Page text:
This course counts as an early literature distribution requirement and a 600-level course.
|GENG 630-01||The Gothic Novel||Thursdays, 6:00 - 9:00 pm||Dr. Alexis Easley||JRC 222|
This course investigates a concept that is very intimately tied to commonplace narratives about the United States: freedom. Specifically, we will ask 19th-century literary and philosophical texts to help us think through the relationship between freedom and constraint. We will look at how 19th-century texts theorize and represent what it might mean to be free. Secondary readings that introduce transnational philosophical and political debates about freedom and free will in the late 18th and 19th centuries, as well as slavery and emancipation, Indian Removal, immigration, and industrialization will frame our discussions. The course will culminate in a final project tailored to students' professional and intellectual needs: a conference paper, a lesson plan, a writing sample, etc. This course satisfies the multicultural literature requirement.
|GENG 558-01||Freedom and Constraint||Hybrid on campus/online||Dr. Laura Zebuhr||Room TBD|
This course provides an introduction to the expectations and conventions of graduate study, including research and writing methodology. In addition, it will introduce students to the field of English studies: its areas of specialization, key issues, and genres of writing. This course must be taken as one of the first three courses in the MA in English program.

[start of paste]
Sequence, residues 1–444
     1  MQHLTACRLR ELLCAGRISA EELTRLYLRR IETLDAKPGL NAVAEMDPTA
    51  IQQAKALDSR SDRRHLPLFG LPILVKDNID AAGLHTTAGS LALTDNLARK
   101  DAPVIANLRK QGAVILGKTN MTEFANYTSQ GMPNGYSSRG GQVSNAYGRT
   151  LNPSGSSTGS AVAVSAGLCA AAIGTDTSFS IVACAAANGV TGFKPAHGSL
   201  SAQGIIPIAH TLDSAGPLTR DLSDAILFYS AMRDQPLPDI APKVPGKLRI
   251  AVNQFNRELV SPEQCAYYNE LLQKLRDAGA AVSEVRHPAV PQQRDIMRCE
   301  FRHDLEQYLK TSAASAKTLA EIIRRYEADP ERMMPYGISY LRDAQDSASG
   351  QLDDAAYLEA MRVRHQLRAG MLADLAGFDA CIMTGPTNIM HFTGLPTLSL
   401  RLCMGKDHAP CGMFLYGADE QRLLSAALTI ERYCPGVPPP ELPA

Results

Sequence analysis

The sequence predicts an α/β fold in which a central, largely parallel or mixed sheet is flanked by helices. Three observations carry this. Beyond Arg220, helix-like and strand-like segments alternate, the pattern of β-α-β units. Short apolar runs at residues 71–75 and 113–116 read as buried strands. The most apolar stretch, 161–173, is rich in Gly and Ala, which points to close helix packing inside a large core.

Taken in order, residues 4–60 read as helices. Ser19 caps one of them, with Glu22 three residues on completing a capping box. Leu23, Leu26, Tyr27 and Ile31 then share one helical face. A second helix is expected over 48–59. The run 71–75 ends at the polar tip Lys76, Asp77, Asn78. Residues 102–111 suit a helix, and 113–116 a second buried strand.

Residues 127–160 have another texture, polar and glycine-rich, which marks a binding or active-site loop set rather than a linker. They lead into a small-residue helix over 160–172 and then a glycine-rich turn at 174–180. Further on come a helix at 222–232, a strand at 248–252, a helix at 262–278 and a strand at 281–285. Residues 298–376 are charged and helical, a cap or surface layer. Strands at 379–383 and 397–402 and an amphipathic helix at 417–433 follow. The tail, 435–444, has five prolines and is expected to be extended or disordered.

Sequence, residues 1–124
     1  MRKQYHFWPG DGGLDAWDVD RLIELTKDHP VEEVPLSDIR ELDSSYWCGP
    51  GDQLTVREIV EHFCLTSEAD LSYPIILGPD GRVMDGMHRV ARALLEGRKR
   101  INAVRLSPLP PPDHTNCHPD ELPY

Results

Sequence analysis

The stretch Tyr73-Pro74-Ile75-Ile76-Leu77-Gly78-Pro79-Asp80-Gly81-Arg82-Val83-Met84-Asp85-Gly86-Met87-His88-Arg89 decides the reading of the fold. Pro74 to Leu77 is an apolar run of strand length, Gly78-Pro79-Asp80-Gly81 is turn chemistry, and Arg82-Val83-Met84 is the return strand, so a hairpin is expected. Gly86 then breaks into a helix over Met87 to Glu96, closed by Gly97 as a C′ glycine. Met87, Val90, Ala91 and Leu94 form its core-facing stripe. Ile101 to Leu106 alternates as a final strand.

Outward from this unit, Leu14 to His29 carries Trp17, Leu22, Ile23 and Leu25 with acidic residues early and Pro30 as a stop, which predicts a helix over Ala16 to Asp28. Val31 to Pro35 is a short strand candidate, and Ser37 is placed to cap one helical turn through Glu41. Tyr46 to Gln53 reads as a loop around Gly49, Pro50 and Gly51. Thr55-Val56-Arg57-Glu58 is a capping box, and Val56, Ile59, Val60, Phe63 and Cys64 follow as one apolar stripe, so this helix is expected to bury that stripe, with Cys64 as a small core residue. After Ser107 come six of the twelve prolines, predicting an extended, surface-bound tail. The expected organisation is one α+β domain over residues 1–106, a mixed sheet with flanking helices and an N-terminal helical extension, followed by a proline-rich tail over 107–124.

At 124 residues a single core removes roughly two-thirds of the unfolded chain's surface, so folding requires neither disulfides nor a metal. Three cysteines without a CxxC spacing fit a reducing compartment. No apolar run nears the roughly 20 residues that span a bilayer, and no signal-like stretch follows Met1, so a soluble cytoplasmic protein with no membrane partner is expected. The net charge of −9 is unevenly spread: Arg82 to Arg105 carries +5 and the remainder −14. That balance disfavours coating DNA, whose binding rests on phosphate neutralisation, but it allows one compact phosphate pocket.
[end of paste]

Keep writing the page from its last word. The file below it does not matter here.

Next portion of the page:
|GENG 513-01||Intro to Graduate Studies in English||Mondays, 6:00 - 9:00 pm||Dr. Laura Zebuhr||Room TBD|
Introduction to Creative Writing and Publishing provides a primer to the expectations and conventions of graduate study in the field of creative writing, including creative writing pedagogy and practice, the running of a literary reading series, innovative forms of creative writing such as podcasting and interactive writing, as well as the study of the publishing world from the point of view of a writer, reader, and editor. Additionally, it will introduce students to the academic field of creative writing: its area of specialization, key issues, and forms of writing. How do writers orient themselves and their work in 21st century workshops? What are the tools that govern print design, interactive prose, or literary podcasts? What is the history of the publishing industry and how does that inform our present moment? This course is required for the Master of Arts in Creative Writing & Publishing and is an elective for the Master of Arts in English.